The Rebirth Of A Trailer

Story And Photos By Cliff Steele
Published: Fall 2013

He bought his current trailer 33 years ago, but never gave its appearance much thought ... until now.

The Facelift

Photo of removing the rollers and hardware from the trailer
Bringing a trailer back to its former glory is a multistep process, beginning with the removal of rollers and hardware.

The first step was to investigate the best paint products, which had to be easily applied, give outstanding gloss, and last the remainder of my boating years. A tall order! Among several good companies, I chose Interlux because their products seemed easy to apply and their extensive website guided me throughout the project. Next, I found a great sandblasting outfit not far from our home. For a pittance, our rusted old trailer was disassembled and prepped by wiping down the entire unit using Interlux 2316N to remove waxes and such before sandblasting. Next the entire trailer was sandblasted, making it ready for undercoating primer.

Photo of the author spray-painting the trailer

After sandblasting, one must start the undercoating process within a few hours, as freshly sandblasted metal allows corrosion to start immediately. The first coats on bare metal were Interlux's Vinyl Lux zinc chromate primer within six hours of sandblasting, followed by two coats of epoxy Primekote. Lastly, I sprayed two finish coats of Perfection color. All products are two-part mixes (find further info on Interlux's website or requested data sheets).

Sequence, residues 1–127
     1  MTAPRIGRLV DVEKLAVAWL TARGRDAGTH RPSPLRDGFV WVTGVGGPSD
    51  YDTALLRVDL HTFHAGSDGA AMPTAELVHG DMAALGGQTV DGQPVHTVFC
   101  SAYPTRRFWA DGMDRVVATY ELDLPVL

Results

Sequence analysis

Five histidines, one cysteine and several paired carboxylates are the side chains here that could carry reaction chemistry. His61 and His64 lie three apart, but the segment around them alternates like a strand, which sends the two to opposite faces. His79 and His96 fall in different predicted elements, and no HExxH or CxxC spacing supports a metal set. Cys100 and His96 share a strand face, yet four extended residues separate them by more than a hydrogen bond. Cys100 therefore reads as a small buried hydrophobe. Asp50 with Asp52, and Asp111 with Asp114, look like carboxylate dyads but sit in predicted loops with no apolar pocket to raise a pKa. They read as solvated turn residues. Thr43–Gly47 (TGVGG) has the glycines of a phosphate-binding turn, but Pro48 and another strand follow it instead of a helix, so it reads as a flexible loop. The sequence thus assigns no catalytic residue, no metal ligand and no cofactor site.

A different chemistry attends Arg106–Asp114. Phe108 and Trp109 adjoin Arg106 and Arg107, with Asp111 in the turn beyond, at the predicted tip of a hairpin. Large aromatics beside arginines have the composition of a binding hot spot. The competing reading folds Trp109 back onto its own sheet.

Photo of fenders ready to be painted

I have my own spray guns and the shop offered me their paint booth, a deal I just couldn't pass up! But outside painting is permissible due to the coatings' speedy drying (chemical curing). A good paint sprayer will set you back about $80 to $100; this method will give even a first-time user fantastic results. Remember, the "pot life," or useful working time, on two-part mixes is short (average five hours) so time is against you. Upon completion of the painting, I was impressed with the deep brilliance and extreme hardness of the finish. It took about two hours to spray each of the three products onto the once very tired and aged 28-foot trailer.

Photo of new rollers

Next step was to dress up the new trailer finish with pinstriping. If you can hold a pencil, you can pinstripe. Beugler still sells a striping kit (Deluxe #471) similar to one I used 60 years ago on my bicycle fenders! Fill the tool with your color choice and guide the nifty tool along any edge for professional results.

Photo of the pinstripped fenders
Sandblasting, priming, painting, and pinstriping finish the look.

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